Multimodality Imaging of the Heart: Is More Better?

PET/CT image: stress myocardial perfusion is diminished in most areas (green and blue)
In most patients who are referred for work-up of suspected or known coronary artery disease (CAD) by non-invasive cardiac imaging, one single imaging technique is often adequate, according to an article appearing in the journal Cor et Vasa, published by the Czech Society of Cardiology. For instance, MRI is able to provide information about morphology (coronary plaques/stenosis), myocardial function and perfusion in a single "one-stop-shop" technique.

Still, the article says, a multimodality imaging approach may be justified under certain conditions: 1) Patients with intermediate pretest likelihood for CAD, in whom the initial imaging test — often coronary CT angiography (CTA) — gives an inconclusive result, additional ischaemia imaging is a guideline-supported option for obtaining a definite diagnosis; and 2) chronic total occlusions (CTO) — beside the evidence of ischaemia associated by an occluded vessel, detailed anatomical information about the occluded vessel is helpful prior to revascularisation attempts.

Multimodality imaging in CAD comprises a combination of information from more than one imaging technique. These combinations, performed in a side-by-side or fusion mode, include computed tomography (CT) and single photon emission computed tomography (SPECT), positron emission tomography (PET) and CT, and PET with magnetic resonance imaging (MRI). Data thus obtained lead to either a summative or synergistic gain of information.

Beyond the diagnostic yield, some of these combinations in multimodality imaging also have prognostic implications. "Combining anatomic and functional information in patients with suspected coronary artery disease also has superior prognostic value. In a study comprising more than 500 patients the combination of coronary CTA and SPECT yielded improved prediction of events (all cause death, nonfatal infarction, unstable angina requiring revascularisation) as compared to the single modalities," the authors, Simon Greulich and Udo Sechtem, both of the Division of Cardiology, Robert Bosch Medical Center, Stuttgart, Germany, write.

Except for MRI and echocardiography, the authors note, other imaging techniques (CT, SPECT, PET) are associated with some radiation exposure. Moreover, additional imaging will entail more expenses for patients. Some of the imaging techniques alos are not yet widely available (eg, PET), so their use is restricted to highly specialised medical centres.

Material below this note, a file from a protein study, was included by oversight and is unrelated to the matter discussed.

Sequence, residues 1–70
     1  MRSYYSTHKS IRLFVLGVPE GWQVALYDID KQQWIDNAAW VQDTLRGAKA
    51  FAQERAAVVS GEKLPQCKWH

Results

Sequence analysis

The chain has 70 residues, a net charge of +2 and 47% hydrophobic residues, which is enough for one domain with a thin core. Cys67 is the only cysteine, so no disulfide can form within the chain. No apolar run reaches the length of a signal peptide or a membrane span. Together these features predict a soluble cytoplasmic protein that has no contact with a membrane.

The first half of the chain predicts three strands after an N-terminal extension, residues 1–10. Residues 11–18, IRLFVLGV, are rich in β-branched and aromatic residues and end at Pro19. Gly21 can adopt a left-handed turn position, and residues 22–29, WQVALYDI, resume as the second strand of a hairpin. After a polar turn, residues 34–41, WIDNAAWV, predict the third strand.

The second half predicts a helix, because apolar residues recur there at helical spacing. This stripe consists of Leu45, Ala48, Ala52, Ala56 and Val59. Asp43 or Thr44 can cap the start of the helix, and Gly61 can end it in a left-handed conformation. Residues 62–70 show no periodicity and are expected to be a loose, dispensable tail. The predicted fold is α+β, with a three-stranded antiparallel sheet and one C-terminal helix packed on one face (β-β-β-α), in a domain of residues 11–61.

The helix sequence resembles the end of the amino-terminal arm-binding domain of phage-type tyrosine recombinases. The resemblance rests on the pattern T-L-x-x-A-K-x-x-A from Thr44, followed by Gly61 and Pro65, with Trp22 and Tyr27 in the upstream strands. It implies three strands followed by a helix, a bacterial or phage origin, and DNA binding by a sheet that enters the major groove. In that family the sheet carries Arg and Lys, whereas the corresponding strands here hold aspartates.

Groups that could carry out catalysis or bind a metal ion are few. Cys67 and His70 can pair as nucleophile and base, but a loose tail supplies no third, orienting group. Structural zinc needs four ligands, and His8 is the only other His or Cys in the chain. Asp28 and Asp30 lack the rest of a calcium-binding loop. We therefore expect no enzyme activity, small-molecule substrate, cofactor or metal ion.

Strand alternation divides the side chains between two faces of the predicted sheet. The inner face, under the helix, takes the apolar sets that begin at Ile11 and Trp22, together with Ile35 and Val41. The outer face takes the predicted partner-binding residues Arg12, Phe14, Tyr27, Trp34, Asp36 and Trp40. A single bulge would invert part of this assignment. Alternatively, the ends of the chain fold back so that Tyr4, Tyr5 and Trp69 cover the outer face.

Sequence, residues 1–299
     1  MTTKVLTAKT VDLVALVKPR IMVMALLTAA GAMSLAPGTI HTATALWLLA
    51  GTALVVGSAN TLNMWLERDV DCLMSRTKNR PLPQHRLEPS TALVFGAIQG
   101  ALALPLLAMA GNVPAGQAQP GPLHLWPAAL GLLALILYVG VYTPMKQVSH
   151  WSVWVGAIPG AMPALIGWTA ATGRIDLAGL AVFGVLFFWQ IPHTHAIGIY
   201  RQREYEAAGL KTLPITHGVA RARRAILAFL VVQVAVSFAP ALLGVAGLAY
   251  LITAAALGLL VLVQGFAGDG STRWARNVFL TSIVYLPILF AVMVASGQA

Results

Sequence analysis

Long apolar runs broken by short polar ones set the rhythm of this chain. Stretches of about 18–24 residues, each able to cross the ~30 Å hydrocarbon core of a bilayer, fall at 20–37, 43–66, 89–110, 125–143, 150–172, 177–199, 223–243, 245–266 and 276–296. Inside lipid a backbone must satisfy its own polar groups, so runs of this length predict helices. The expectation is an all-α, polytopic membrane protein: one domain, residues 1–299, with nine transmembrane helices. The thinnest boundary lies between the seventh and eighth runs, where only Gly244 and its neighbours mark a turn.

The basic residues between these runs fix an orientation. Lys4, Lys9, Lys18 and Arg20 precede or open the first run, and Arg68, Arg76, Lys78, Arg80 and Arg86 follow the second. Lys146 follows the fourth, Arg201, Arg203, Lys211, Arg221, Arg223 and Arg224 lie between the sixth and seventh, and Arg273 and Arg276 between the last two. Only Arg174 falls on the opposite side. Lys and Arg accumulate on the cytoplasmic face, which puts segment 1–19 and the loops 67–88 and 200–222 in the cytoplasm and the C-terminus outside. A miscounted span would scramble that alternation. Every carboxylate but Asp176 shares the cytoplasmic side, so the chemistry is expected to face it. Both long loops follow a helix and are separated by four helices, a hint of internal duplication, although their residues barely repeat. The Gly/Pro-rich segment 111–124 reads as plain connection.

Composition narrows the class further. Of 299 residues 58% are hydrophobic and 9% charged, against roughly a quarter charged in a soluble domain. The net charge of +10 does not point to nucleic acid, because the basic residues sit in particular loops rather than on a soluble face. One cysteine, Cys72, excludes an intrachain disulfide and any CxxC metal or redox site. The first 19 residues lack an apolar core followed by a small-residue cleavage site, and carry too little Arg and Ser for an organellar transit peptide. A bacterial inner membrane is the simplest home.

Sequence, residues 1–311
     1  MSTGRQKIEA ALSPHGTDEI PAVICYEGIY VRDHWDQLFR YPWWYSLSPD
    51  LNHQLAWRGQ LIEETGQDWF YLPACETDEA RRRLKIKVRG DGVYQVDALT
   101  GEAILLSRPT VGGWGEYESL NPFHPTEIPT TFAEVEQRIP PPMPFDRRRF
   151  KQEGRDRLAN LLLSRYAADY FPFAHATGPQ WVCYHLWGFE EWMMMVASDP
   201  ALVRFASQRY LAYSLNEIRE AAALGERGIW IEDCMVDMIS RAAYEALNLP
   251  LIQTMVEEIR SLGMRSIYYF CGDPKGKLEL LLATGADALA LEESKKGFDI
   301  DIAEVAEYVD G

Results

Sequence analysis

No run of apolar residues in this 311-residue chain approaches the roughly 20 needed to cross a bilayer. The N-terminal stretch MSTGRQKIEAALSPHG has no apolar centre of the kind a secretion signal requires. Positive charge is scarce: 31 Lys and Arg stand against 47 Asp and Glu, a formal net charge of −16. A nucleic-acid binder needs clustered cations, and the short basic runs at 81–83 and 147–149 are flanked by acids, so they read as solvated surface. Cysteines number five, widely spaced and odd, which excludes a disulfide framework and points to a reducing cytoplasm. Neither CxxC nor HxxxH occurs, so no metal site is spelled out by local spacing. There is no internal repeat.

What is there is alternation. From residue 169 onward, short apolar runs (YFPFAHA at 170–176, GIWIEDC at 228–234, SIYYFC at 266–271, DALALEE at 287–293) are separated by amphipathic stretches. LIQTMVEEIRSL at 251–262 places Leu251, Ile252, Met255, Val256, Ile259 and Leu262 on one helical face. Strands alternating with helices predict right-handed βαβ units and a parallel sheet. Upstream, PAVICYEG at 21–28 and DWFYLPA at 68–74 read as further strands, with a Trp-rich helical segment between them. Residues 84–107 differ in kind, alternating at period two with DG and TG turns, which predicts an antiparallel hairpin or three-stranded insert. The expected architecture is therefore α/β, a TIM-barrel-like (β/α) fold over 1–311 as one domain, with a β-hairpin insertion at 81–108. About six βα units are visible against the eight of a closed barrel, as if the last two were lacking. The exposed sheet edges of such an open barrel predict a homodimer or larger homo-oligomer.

Further technological improvements of each imaging technique (eg, higher resolution, lower radiation) and ongoing development of dedicated image fusion software might facilitate a more widespread clinical use of multimodality imaging in the clinical setting, according to the journal article.

"However, major drawbacks of multimodality (hybrid) imaging are increased radiation exposure and higher costs in comparison to a single imaging approach. Further prospective multicentre studies are needed to clarify the future role of its clinical utility, including data about prognosis and cost-effectiveness," the authors conclude.


Figure 1. A 69-year-old patient with stenotic lesions on coronary CTA but normal perfusion by SPECT: (A), (C) and (D) display curved multiplanar CT reconstruction of the left anterior descending artery (LAD, =(A)), the left circumflex coronary artery (RCX, =(C)), and the right coronary artery (RCA, =(D)). LAD and RCA seem to have significant stenoses (see arrows). (B) shows an enlarged projection of the LAD perpendicular to (A) (see arrows), whereas (E) displays a 3D volume rendered reconstruction. On SPECT images (F) no perfusion abnormalities were detected (stress images first, third, fifth rows; rest images second, fourth, and sixth rows).

Source and image credit: Czech Society of Cardiology

References:

Greulich S, Sechtem U (2015) Multimodality imaging in coronary artery disease – "The more the better?". Cor et Vasa. Published online September 10, 2015. DOI: http://dx.doi.org/10.1016/j.crvasa.2015.08.007

Published on : Sun, 4 Oct 2015


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healthmanagement, multimodality, PET, MRI, coronary artery disease, CAD, hybrid imaging modalities In most patients who are referred for work-up of suspected or known coronary artery disease (CAD) by non-invasive cardiac imaging, one single imaging technique is often adequate, according to an article appearing in the journal Cor et Vasa, published by t

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